Another Icom offering, the IC-T7H and the IC-T7H sport were almost as good.  Sturdy, built to last--and dual band to boot (although you could only actively monitor one band at a time) they are still available, but not being manufactured anymore.  The difference was the T7H were shipped with a rechargeable battery while the 'sport' model was shipped with an AA case for power.  Either could be changed in less than a minute by simply swapping the battery pack.

I like mine since the only thing I've had to replace was the PTT switch, a microswitch that had let go from use.  Other than that, it's been going strong for well over a decade now.  73.
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KF4CQR
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« Reply #5 on: June 03, 2014, 02:12:20 PM »

My Sears model (I can't remember it) that I got for Christmas CB 100 MW Walkie-Talkie back in 1965... on channel 11. Grin Grin Grin


I had so much fun with it.  I was the terror to all CB'ers in my little town.  Anyone that landed on Channel 11 (after school hours) would get a call.

Talked with a station 20 miles away one time.  QRP Part 15!

My call was Walkie-Talkie KO1.
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KE4JOY
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« Reply #6 on: June 03, 2014, 04:51:28 PM »

Baofeng UV5r


(Duck and cover)  Grin
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KA5PIU
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« Reply #7 on: June 03, 2014, 06:04:50 PM »

Hello.

If you like the Beofeng, that is fine.
I remember the Radio Shack Archer talkies, almost as cheap as you could buy.
All the way up to the GE PE talkie.
They moved cheap talkies from CB channel 11 to 49 MHz.
The cheap talkies were AM, low band GE talkies FM.
And, GE low band talkies were almost always 'Mid Split', 40 to 48 MHz.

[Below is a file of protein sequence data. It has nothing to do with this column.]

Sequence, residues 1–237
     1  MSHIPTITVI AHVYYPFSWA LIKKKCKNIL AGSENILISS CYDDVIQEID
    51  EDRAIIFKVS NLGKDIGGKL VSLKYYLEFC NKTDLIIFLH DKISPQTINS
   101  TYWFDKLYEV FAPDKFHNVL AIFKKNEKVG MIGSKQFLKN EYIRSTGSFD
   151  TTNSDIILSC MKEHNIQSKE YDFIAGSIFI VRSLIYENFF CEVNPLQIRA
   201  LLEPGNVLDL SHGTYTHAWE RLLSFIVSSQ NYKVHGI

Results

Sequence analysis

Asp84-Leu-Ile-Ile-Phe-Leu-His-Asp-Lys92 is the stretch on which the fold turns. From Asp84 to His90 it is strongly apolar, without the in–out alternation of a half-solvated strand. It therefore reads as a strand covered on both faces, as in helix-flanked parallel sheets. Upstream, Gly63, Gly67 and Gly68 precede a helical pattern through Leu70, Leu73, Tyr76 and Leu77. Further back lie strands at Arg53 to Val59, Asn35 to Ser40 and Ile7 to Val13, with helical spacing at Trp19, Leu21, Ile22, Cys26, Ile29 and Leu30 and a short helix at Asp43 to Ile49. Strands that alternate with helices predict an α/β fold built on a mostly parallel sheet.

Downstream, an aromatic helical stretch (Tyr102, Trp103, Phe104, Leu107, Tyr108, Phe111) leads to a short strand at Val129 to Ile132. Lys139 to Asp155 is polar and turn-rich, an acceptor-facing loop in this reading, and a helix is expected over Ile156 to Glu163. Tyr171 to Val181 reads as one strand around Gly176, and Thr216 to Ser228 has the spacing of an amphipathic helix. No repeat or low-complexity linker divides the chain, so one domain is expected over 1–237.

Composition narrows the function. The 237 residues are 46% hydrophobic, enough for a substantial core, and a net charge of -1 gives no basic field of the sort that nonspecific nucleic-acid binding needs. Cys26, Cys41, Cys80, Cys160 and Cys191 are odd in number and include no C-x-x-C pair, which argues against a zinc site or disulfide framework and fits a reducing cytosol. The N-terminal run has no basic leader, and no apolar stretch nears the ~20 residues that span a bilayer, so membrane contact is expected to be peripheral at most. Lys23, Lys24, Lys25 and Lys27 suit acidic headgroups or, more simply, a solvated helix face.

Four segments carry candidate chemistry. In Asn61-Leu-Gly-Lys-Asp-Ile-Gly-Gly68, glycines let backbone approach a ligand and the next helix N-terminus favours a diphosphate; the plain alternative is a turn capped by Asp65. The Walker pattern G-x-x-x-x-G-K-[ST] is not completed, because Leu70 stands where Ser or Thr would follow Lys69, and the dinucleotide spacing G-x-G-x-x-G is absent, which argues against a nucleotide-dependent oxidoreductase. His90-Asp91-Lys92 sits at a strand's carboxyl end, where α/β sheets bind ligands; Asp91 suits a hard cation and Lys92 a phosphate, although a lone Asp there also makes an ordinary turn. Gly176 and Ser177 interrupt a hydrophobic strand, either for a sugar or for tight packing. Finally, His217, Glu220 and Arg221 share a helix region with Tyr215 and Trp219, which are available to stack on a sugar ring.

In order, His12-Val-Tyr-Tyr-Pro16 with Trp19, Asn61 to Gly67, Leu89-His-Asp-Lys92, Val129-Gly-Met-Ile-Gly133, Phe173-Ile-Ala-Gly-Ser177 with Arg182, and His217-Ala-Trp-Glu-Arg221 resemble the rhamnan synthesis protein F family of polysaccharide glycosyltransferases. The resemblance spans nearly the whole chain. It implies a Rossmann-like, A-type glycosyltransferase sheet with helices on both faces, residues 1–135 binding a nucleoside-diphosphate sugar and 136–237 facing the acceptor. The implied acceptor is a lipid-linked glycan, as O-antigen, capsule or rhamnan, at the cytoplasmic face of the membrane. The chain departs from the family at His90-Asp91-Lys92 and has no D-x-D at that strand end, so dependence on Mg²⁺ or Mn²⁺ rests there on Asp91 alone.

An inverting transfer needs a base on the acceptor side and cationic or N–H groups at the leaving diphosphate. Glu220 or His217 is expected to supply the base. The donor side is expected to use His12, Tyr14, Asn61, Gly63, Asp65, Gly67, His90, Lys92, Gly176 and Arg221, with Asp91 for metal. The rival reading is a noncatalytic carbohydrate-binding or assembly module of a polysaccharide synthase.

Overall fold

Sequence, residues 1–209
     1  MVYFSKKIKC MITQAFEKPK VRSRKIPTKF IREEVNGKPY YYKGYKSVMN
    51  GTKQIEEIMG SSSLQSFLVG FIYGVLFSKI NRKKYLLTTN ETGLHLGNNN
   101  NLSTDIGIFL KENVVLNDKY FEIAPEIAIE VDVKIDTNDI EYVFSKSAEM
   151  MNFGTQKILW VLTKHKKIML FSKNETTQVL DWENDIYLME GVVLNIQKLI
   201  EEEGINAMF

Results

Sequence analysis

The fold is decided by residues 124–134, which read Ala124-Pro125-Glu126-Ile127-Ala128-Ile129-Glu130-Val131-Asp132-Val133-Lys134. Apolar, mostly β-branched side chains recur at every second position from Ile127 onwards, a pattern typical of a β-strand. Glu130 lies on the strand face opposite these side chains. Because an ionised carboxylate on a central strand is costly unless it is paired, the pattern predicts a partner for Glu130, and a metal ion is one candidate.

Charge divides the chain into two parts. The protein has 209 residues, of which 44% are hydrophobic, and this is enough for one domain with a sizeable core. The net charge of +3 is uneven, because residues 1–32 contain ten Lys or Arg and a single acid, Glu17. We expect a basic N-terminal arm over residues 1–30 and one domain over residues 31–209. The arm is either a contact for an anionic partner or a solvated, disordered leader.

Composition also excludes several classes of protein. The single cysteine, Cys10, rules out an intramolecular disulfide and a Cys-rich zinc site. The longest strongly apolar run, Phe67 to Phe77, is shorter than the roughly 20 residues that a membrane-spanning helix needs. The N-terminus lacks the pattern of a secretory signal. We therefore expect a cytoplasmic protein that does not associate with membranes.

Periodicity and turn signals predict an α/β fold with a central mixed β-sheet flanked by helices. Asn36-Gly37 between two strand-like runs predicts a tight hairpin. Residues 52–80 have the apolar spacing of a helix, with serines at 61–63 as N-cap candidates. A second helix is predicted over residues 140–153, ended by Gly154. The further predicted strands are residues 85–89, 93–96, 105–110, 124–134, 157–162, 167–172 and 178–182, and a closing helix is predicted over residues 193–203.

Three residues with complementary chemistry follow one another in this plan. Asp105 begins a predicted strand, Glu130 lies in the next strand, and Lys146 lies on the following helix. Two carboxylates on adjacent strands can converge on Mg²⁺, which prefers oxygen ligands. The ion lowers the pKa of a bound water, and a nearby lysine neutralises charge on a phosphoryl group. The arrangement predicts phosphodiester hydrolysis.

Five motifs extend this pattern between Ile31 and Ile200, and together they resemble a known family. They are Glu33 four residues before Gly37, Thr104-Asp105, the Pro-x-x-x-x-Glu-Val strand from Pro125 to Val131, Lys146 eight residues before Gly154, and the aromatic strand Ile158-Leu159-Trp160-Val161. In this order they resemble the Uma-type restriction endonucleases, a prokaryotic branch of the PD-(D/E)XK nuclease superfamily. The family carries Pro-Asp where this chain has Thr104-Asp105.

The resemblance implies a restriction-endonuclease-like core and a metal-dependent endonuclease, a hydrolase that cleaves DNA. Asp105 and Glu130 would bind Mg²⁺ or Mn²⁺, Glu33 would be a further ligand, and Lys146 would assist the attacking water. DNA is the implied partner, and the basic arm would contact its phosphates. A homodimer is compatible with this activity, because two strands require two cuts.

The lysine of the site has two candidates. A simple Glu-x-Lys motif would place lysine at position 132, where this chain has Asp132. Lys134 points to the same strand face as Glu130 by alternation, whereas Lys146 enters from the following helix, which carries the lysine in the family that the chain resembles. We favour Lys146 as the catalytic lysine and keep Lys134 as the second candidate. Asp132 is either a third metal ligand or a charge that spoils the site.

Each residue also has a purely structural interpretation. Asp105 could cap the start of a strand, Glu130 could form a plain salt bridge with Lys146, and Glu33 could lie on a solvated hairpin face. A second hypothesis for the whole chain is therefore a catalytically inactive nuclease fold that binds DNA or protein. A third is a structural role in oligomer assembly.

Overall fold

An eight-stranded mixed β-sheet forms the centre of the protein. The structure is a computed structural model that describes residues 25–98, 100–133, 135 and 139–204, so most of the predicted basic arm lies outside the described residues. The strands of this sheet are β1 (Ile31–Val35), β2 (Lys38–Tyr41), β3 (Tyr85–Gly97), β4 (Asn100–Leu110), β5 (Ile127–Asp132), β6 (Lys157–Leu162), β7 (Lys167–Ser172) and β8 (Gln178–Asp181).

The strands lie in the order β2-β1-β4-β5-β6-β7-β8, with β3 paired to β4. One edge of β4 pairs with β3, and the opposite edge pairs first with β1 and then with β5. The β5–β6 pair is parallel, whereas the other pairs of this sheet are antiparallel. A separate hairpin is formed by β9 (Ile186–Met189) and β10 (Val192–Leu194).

Police went from Low Band to High Band or UHF in that era.
Mid Split was all but useless, no 10 meters or 6 meters!
But, cut a turn here and cut a turn there, and 49 to 55 MHz.
And, 49 MHz was also popular with cordless phones.
49.86 and 52.525 MHz
CPU controlled radios were not going to happen for at least 20 more years.
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W4KYR
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« Reply #8 on: June 03, 2014, 06:31:16 PM »

Baofeng UV5r


(Duck and cover)  Grin

If Baofeng was around in 1992, I probably would have bought that instead of the HTX 202.
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AF5CC
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« Reply #9 on: June 03, 2014, 07:28:38 PM »

I know I am probably a rarity, but I have never owned a HTX-202.  My favorite HT would probably be the Yaesu VX7R.  The Baofeng UV-3R I currently use is probably the best deal on HTs.

John AF5CC
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KA5PIU
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Posts: 446




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« Reply #10 on: June 03, 2014, 08:58:15 PM »

Hello.

I have never owned an HTX-202.
This was made by Maxon for Radio Shack.